Okay. Getting back to the piano though, nowadays, you'll just line up choreography to track numbers, you know, the minutes and seconds. And yet, how much more clinical is that when dancers would align themselves with the musician, and of course, vice versa. Another thing to think about is that despite the choreography and musical notes never varying, are the artistic performances themselves supposed to be different every time they are realized? A musical recording eliminates this performance variant. You know, Cage's 42 333 spectacularly demonstrates this point. But whether this changes things might just be a moot point in any case. After all, the famous choreographer and dancer, Bejart, danced to completely pre-recorded music as early as 1957. Check out the link below. And he didn't seem particularly bothered.

Leaving aside the above debate, and going back to dance lessons, there's no denying that portable cheap music has changed things both in terms of the teaching and in the realization of shows. But together with this, has come a massive change in a consumer society, yes, of technology, but also of musical consumption itself and the expectations of said consumers. Girls who are, I expect to say, the vast majority of dance students come to lessons already MTV primed. They want a certain style and a certain dance step. Dance teachers, afraid of losing students, put aside musically contrasting works. And I'm not just talking Tchaikovsky here in the name of consumer pressure, and the various musical worlds of dance are not then adequately explored.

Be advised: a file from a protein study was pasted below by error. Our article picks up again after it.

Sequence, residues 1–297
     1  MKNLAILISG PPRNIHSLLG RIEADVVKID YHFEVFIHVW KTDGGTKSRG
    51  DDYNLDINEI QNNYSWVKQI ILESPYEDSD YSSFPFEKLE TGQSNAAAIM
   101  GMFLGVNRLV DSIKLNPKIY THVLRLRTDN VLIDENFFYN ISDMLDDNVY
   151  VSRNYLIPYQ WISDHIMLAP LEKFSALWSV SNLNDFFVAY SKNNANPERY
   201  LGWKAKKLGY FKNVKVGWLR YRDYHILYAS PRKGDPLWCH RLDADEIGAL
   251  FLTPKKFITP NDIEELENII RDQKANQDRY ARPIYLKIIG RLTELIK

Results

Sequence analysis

Indeed, the result is that a new breed of dance teachers emerge without a musical compass, and the process continues. I would argue that the narrowing down of musical expression and dance has already had a huge effect in the international dance world. So, for example, the dance company, MOMIX, a few years back, spectacular dancing, but the music was embarrassingly two dimensional, lacking in contrast and in interest, and, in my opinion, letting down the choreography. It struck me that perhaps it was the dancers themselves sort of chosen such an unexciting array of pieces and that, perhaps, they needed some professional musical advice from a qualified expert. And with that, meaning to be snobby here, I'm gonna put an emphasis on the word, "qualified."

I talked at some length with my daughter's principal teacher, who's an ex L'Escala dancer, and she agreed with me at every point. She has personally made some headway in addressing this musical imbalance but recognizes the resistance by most students, and indeed, their parents. The bottom line is this, a reduction in musical language becomes a reduction in dance language. And so, the circle continues and spirals away.

Now, at this point, I'd love to hear from some of you, dancers, out there together with students and teachers. Maybe my reality is just a one-off and I've misread the situation. So get writing now, and tell me or show me with videos that I'm just a gloomy E.O. Bye.